It is irritating to me that in some situations (usually of course, ones that don’t directly involve or affect me), I can immediately get to the nub of the thing, to distill whatever it is quite clearly in my own mind
and to anyone else who’ll listen.
It’s an uncanny trait most of us possess, actually; to be able to know exactly what we’d do if we were in your/their situation. Getting out of our own way to have clarity for ourselves however, is something else entirely.
Abstraction and simplification with my art work is a constant rumination lately – I long to take what inspires and motivates me, and reduce it to it’s barest form…and then reconstruct in a way that is more personal to me, hinting at reality but full of feeling.
My current creative process
When I first started painting, I focused very much on painting from life. This worked well with simple forms (like an apple), but when I took myself off plein air painting, I found I was often overwhelmed with what was in front of me, enslaved by the detail, even if I started out loose.
Out of this I developed a process of painting in the afternoons after my lunchtime walks, and I’d paint from my memory of that walk. I’d take photos with my phone, so not large or great quality, and I use these back at home to establish composition and value, but that’s the extent of their use. I found my paintings to be more colourful, looser expressions of my local landscape.
Though I’m mostly happy with this process – a process I now realise lots of other artists use, to avoid become overwhelmed and tight with detail – sometimes it’s still not loose enough for me.
So, I began to think what other ways are there that I could abstract my landscape work. What other materials or objects could I use to construct a composition? I came up with three (mainly because I had them round the house):
- beach pebbles
- collage from magazine cuttings
- my photographs
I know this last one seems pointless (given what I wrote earlier in the post), but I have a ton, and if I could learn better how to use them in an abstracted way, it might bring surprises.
In this post I’m exploring my idea with the humble but beautiful pebble.
I gathered a pile of pebbles (usually they gather dust in my bathroom), some rough garden twine, and a view finder, oh and a white envelope I had to hand as my “canvas” and started arranging them. This is the best (yes really) of what I came up with:
The idea was, well, a few things. One, I was trying to use the definite shapes of the pebbles to suggest something that might pass for a landscape, and that those shapes add interest, particularly to the foreground, two, squinting helps, as always, three, see how I used the twine to make a path! and four , it amused me that I was using something from the landscape to create a landscape.
I did in fact construct several compositions, but they’re really not noteworthy. And…this is also the stage at which I began to feel a little bit foolish. I wondered if this was a little too contrived. After all, this wasn’t purely about enjoying a process as such – it was exploring a new way of getting to a slightly familiar place. Or, perhaps I wasn’t really open to this concept as I thought.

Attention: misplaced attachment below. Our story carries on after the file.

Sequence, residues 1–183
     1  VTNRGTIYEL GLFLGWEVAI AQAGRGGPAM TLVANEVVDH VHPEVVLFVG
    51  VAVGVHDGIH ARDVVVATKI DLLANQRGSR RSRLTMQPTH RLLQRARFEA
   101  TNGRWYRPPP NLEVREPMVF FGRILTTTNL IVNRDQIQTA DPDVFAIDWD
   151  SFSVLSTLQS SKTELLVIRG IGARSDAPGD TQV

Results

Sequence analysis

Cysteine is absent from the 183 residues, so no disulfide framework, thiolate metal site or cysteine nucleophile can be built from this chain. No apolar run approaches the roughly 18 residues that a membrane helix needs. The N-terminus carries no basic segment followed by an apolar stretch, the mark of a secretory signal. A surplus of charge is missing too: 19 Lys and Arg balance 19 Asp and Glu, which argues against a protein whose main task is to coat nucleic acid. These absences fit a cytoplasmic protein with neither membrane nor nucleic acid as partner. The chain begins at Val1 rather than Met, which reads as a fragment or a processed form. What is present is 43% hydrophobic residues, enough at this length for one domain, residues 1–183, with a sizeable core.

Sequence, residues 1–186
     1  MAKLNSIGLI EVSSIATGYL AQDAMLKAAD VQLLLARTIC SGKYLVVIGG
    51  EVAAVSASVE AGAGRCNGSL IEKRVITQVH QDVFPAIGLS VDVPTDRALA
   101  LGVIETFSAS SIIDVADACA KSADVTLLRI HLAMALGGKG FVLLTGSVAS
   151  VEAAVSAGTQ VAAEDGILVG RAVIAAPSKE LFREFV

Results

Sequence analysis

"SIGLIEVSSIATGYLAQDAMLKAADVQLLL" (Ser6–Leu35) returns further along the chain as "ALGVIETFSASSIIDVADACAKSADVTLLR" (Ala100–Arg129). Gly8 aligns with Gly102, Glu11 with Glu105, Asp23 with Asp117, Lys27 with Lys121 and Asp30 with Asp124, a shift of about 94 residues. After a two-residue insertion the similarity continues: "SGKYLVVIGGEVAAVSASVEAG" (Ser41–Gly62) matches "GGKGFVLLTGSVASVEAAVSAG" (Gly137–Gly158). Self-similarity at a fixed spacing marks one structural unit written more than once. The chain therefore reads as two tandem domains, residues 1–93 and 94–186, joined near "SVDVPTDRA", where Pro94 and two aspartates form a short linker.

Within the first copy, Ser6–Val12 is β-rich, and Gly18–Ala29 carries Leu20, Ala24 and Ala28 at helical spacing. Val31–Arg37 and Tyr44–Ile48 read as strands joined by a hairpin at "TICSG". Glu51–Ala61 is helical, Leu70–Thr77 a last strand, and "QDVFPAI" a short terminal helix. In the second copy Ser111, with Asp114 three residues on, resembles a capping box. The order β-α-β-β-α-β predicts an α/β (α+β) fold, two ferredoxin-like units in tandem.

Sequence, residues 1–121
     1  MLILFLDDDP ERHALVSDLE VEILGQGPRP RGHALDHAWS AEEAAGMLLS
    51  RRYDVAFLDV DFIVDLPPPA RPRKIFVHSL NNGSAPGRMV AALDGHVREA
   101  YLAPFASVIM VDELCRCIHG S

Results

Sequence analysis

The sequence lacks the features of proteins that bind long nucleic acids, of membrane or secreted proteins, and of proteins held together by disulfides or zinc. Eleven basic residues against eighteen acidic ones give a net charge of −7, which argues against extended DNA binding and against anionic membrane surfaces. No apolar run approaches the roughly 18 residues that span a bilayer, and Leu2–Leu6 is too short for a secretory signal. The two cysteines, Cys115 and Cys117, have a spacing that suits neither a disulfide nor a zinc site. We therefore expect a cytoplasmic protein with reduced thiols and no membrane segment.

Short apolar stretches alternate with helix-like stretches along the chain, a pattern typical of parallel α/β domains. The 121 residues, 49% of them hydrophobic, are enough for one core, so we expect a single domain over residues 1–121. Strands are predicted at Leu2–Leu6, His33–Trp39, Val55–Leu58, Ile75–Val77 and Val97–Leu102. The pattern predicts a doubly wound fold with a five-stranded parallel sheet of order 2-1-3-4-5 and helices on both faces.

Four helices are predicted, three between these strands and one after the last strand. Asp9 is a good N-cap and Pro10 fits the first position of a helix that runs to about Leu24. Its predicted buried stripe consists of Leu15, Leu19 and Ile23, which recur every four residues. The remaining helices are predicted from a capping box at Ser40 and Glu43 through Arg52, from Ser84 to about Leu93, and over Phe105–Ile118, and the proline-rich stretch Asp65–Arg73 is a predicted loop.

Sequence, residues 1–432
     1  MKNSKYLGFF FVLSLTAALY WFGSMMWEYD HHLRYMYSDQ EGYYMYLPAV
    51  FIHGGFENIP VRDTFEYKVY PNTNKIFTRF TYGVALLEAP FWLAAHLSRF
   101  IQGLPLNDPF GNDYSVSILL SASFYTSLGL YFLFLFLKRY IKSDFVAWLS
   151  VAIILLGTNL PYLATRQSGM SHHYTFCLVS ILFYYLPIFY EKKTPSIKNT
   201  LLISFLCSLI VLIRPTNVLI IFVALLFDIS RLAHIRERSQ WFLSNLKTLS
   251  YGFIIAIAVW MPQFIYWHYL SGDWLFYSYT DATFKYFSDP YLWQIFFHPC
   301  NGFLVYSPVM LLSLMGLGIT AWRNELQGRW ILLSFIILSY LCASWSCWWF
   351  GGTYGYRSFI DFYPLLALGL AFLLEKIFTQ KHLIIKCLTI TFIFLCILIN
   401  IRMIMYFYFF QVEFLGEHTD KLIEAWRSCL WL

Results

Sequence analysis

I did see the exploration through though. You can see in my sketchbook I have thumbnails of the different compositions I tried. I thought actually the size of the pebbles too small, so I grouped them into larger shapes, outlined in blue pen, then re-drew them below.
You can see from those large shapes there is something vaguely landscape emerging from the thumbnails. I couldn’t resist doing a couple of colour thumbnails at the bottom. From my notes I seem quite pleased with how things are turning out! Though I do question whether the approach felt authentic for me.
The thing about this process is that it isn’t, and I suppose can’t ever be, random and therefore abstract. I arranged the pebbles and twine. I had landscape in my head. Perhaps it was always going to turn out like that. So I’m undecided about the value of this approach, to me anyway. I also think I need to be clearer in my mind the difference between abstract and simplicity, as I’ve realised I use both words interchangeably and they’re not the same thing at all!
The next part of the process was to do a few small size colour studies of the same composition. Why I brought colour into it I don’t know – this was about simplifying landscape compositions. At this point though, I was having a ton of fun…
I used acrylics for this (not my usual medium). I used the same colours on each painting, aaaanndddd – I used not only a smaller brush to make lively marks, but it was a filbert! And I usually use a one size flat throughout, so that was a little experimentation I really loved.
And at the end of it?
The main headline from this little experiment is – where’s the inspiration? Arranging beach pebbles on the back of an envelope doesn’t inspire me as much as taking a walk then painting what I feel when I get home. Only I can’t quite manage to paint what I feel. Which is where this whole thing began.
I’m tempted to by pass the collage exploration and go straight to photographs, as I’ve learned from this that I prefer to feel an emotional connection with a place to paint….and yet, having said that….I really loved doing these little colour studies, and to me they are full of feeling and emotion. Do I need to stand back? Get out of my own way? After all, feelings come from within don’t they?